Furthermore, given the extreme ceiling effects of the measures, there is no assessment of whether their performance is meaningfully different from their peers, and there is a lack of direct, actionable feedback. The measurement effects are so extreme that a 0.1 different on a 10-point score would drop physicians 100,000 places in a national ranking!

As Professor Barankay indicated, our national experiment in provider performance measurement through benchmarking is not likely to improve performance of high-performing physicians, but could have significant negative effects on every other provider.

This and other new research is beginning to support many of the underlying concepts of the Bivarus platform, especially in the area of physician performance. We wanted our Provider Performance Analytics to be a positive experience for physicians, nurses and other care givers – one that provides a specific and actionable pathway to performance improvement.

For example, we measure three specific provider domains in our core item bank: Communication, Patient-Centered Care and Provider Expertise and Interpersonal Skills.

Does Big Data Play a Role in Performance Incentives for Health-care Providers?

Within each of these domains, we ask actionable questions such as, “Does the provider explain recommended tests?” Rather than ranking providers against each other, the feedback is used to identify areas of strength or weakness, when compared against the practice or peer-group at large.

Areas in which performance is better than the group can be supported: “Keep up the good work!” Areas in which performance is poorer than the group can be identified as an opportunity: “Why don’t we work on communication skills for the next month and see what results we obtain?”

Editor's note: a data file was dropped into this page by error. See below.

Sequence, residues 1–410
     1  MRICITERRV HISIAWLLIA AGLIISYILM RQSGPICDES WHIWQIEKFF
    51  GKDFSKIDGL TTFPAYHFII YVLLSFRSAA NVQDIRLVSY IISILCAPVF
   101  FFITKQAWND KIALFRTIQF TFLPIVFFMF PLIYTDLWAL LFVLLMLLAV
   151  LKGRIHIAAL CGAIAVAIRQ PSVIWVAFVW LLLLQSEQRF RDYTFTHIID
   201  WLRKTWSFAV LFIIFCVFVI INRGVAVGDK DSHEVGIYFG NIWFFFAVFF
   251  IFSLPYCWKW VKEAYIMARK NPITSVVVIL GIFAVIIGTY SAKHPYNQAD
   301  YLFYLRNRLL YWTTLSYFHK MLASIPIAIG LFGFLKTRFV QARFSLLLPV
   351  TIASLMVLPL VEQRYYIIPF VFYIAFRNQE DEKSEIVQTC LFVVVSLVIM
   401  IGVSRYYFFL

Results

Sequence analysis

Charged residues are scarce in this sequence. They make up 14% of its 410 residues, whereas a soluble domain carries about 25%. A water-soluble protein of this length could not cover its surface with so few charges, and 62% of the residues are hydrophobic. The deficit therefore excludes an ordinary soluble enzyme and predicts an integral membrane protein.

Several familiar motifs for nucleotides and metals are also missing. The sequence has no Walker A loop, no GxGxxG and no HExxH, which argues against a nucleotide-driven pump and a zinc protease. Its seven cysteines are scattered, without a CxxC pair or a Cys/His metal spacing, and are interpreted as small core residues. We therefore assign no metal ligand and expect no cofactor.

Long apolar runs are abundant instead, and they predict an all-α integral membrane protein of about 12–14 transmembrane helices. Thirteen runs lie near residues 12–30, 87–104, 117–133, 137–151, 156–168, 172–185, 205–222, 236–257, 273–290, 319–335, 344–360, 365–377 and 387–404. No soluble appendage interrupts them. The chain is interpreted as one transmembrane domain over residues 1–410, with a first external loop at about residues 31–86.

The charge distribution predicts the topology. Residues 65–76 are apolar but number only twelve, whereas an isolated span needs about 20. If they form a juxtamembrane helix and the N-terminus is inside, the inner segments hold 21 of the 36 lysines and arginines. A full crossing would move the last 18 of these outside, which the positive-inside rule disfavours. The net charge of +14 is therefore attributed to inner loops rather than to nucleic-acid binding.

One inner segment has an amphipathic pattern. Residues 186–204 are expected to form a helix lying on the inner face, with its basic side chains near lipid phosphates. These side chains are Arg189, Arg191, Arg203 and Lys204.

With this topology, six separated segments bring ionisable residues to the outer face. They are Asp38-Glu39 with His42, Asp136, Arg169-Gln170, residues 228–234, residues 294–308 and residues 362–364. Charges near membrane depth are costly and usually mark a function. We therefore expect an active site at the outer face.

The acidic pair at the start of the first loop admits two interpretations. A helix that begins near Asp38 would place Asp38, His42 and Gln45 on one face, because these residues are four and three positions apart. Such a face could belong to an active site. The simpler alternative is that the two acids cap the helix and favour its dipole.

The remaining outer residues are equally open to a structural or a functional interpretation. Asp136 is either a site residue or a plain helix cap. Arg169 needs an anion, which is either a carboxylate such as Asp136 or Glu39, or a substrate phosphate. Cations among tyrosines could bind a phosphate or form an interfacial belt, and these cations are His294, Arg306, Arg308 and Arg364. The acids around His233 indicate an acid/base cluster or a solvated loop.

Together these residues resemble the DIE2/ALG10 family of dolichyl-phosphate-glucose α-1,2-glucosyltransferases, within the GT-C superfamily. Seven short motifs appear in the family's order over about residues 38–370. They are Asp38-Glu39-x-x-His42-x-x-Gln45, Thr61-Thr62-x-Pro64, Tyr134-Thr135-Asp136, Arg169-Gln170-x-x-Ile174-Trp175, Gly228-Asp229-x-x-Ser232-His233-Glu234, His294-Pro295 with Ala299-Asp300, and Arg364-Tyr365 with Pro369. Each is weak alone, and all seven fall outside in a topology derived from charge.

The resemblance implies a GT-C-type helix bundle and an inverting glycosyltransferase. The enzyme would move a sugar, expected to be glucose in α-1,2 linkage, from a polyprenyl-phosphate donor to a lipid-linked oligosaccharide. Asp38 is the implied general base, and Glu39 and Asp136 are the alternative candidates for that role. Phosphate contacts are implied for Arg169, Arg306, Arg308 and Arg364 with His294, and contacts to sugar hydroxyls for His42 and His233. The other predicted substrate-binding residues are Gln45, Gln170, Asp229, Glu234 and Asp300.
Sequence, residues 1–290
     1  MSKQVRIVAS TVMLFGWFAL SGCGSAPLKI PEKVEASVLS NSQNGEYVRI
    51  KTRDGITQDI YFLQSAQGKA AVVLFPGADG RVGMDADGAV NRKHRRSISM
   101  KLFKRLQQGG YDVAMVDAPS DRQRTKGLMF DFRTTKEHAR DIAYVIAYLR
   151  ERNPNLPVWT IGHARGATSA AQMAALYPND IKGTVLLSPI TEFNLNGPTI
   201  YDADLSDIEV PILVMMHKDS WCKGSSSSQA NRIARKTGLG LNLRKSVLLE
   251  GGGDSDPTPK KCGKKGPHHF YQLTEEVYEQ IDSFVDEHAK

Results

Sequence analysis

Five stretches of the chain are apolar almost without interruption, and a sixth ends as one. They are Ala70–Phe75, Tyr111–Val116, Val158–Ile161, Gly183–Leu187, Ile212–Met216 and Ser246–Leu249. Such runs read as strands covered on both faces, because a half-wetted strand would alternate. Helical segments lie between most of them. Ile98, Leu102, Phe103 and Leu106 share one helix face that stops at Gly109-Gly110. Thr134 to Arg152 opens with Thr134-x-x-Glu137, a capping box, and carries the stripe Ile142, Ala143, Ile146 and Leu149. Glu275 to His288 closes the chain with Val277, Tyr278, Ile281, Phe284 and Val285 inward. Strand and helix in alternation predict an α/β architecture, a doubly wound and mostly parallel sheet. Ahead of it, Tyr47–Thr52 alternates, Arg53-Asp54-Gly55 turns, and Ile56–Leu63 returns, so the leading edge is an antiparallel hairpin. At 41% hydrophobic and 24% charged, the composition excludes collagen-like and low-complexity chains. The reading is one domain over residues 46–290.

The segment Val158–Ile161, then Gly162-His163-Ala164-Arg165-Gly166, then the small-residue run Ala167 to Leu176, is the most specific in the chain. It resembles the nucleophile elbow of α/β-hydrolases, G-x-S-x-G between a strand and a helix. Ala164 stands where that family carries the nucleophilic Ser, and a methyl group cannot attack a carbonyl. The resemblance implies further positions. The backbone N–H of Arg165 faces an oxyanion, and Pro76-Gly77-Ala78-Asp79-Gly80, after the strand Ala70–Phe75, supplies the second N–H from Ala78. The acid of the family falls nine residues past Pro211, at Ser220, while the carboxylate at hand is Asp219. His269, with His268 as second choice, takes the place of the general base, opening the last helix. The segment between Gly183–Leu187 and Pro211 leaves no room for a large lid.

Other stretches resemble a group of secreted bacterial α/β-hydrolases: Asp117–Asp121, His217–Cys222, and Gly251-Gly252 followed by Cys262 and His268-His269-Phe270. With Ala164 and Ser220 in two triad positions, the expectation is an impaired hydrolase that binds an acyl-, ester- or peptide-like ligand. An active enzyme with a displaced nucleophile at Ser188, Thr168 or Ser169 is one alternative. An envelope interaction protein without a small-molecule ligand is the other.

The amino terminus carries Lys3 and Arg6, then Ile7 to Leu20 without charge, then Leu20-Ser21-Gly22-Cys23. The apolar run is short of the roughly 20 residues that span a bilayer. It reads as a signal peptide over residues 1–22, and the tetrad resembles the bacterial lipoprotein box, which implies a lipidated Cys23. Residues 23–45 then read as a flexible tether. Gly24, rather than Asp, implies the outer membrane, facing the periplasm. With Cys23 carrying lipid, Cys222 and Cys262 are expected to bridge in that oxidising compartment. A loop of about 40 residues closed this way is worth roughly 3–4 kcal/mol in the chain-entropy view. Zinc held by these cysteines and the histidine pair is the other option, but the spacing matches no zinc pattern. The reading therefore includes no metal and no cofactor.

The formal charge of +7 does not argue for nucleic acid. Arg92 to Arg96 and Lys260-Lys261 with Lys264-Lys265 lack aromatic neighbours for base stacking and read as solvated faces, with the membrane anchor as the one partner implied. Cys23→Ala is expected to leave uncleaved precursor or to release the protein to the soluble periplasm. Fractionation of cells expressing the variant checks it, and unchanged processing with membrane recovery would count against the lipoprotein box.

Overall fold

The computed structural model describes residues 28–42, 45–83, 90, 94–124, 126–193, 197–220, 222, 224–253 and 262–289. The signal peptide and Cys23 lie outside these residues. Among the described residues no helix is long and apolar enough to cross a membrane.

Through this tool, we can also identify mentors, or the providers who are the top performers in each domain within the practice: “You should join Dr. Smith with her patients the next time you have a free slot. She is especially skilled in this communications domain.”

In the end, we’ve motivated Dr. Smith by recognizing her skills and performance, and have provided an actionable path to improve individual performance, which benefits the whole provider group. Individual- and group-based interventions are then monitored through the same interface for continuous improvement.

Further, with the statistical framework underlying the provider performance analytics, observed differences are likely to be meaningful rather than simple variation due to measurement error. This helps with provider buy-in to the feedback process.

Discussions are no longer centered on the accuracy of the data, but rather how the department and/or providers can best act on the data. This philosophical change has facilitated improvements in care delivery and service operations.

Physicians and nurses appreciate the shift from a punitive system to one that offers the ability to directly receive patient feedback, identify areas for improvement and monitor their performance.

 

Connect with us for more information on how Bivarus can support your efforts to capture and deliver actionable insights about provider performance and patient experience.